But it hits its stride during a marvellously inventive biplane sequence which takes Tintin and Haddock to Africa and the meat of the adventure, and an equally impressive flashback featuring the original Unicorn captain and his pirate encounter.

It’s at this point the action barely pauses for breath and when it most begins to resemble an Indy flick. The centrepiece, a chase through a Moroccan town, is truly breathtaking, although this does make it seem like the film peaks early.

A pertinent question might have been why it’s been filmed as an animation at all, and not simply live action. The answer to that lies in an astonishingly detailed level of richness and opulence in the design that would have been hard to achieve on any budget, and action sequences so fluid and imaginative that they would have been impossible as live action without the need for so much CGI that it would look like a cartoon anyway.

The issue of dead eyes and waxy features that has blighted so many mo-cap efforts also seems to have been addressed, with faces full of life and expression, although every once in a while the characters do move like they're on strings.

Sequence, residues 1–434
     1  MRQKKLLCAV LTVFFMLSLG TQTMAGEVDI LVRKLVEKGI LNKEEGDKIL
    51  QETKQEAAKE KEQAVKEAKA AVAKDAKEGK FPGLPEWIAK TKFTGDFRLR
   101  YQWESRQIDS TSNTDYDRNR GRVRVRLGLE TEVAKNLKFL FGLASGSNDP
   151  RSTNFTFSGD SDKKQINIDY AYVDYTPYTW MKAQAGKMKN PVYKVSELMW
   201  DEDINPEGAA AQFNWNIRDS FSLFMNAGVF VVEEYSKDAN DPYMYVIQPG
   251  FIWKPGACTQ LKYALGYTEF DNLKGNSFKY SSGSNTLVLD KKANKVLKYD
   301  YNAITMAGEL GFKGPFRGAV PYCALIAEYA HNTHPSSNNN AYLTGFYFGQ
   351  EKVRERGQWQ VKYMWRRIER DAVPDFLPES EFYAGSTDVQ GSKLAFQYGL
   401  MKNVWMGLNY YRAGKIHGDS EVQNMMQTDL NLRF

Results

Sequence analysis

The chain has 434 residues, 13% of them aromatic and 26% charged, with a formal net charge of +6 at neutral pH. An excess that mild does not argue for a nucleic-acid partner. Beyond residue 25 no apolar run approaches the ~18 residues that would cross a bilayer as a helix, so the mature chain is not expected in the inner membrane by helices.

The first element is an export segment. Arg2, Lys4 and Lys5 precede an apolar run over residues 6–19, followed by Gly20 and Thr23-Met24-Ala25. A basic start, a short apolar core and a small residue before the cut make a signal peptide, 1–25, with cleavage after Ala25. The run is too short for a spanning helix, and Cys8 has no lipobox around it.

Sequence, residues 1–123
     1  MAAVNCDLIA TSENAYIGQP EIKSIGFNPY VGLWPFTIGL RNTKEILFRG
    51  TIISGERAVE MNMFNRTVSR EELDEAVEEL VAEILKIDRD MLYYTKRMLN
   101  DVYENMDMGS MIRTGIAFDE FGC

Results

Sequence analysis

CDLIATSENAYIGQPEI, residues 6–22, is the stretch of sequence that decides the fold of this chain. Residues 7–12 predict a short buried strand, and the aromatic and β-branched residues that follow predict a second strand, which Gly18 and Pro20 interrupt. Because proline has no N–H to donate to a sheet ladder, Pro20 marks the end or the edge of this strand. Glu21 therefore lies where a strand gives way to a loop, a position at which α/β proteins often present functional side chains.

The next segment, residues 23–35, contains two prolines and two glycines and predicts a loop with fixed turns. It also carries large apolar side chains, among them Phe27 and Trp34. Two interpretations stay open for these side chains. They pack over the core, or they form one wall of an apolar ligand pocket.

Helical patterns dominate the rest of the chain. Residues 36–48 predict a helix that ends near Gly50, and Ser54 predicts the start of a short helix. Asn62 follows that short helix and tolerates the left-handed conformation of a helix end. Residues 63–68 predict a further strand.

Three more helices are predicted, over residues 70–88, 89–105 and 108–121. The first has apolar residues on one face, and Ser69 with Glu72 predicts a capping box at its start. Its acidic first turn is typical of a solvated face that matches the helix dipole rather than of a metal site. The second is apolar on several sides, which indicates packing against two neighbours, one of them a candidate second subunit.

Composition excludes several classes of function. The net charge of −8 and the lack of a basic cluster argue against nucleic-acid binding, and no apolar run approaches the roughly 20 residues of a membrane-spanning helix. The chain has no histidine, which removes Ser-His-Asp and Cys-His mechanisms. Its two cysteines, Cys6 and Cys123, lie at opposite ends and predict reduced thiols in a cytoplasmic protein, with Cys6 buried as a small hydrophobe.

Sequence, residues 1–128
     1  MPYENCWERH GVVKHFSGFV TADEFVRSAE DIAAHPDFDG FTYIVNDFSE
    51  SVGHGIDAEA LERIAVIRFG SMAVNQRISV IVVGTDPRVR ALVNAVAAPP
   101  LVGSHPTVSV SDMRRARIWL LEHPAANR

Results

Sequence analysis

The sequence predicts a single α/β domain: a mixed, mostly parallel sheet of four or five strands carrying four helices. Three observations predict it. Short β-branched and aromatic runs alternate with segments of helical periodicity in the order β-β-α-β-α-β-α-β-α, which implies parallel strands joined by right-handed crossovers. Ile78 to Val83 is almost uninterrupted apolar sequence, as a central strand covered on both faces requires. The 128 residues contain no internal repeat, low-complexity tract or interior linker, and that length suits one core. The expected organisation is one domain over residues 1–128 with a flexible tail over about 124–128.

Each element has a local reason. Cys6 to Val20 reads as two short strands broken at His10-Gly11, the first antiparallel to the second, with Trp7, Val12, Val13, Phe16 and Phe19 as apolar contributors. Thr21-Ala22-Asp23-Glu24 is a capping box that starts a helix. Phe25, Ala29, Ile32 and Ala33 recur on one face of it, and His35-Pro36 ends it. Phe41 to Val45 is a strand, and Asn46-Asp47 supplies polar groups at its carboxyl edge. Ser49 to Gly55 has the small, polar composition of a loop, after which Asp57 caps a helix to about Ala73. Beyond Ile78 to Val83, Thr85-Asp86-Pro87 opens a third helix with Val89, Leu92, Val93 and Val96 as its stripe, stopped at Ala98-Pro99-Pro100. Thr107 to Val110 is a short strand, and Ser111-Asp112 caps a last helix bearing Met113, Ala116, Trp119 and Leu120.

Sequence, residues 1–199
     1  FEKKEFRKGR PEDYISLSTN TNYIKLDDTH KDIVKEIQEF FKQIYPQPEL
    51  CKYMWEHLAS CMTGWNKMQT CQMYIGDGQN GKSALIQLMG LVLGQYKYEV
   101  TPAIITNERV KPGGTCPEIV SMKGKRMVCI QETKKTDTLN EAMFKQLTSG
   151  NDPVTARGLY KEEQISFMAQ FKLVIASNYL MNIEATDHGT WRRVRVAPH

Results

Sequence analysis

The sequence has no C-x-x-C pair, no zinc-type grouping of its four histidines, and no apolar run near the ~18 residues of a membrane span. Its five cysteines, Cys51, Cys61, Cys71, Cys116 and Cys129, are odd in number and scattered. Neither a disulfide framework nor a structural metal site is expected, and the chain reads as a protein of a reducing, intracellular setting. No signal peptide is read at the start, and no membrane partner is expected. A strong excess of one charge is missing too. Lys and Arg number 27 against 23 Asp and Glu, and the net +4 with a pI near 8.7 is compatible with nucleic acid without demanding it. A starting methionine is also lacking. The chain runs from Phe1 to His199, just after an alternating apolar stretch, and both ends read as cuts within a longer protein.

But that’s a tiny flaw, and let’s hope the gamble pays off, so that in a couple of years from now we’ll be enjoying the proposed Peter Jackson sequel, followed by many more Tintin adventures to come.

Sunday 9 October 2011

First Night review

First Night (15, 116 mins)
Director: Christopher Menaul
★ ☆ ☆ ☆ ☆

A group of opera singers are brought together by Richard E. Grant’s wealthy industrialist to stage a production of Cosi fan Tutte in the grounds of his country estate. As they plod through their rehearsals, punctuated by the goings on in and out of the bedrooms during the downtime, we’re forced to suffer through a barely competent am-dram car crash, and the most clumsily directed, misbegotten tosh you’re likely to see all year. It’s acted out by a bunch of dreadful old hams who can’t seem to perform the most basic lines or actions, with not a single moment that rings true and many that would be hilarious if they weren’t so painfully embarrassing. This really is appalling on every level, a desperate pudding that not even Mozart can save.

The Three Musketeers review

The Three Musketeers (12A/PG-13, 110 mins)
Director: Paul W.S. Anderson
★ ★ ☆ ☆ ☆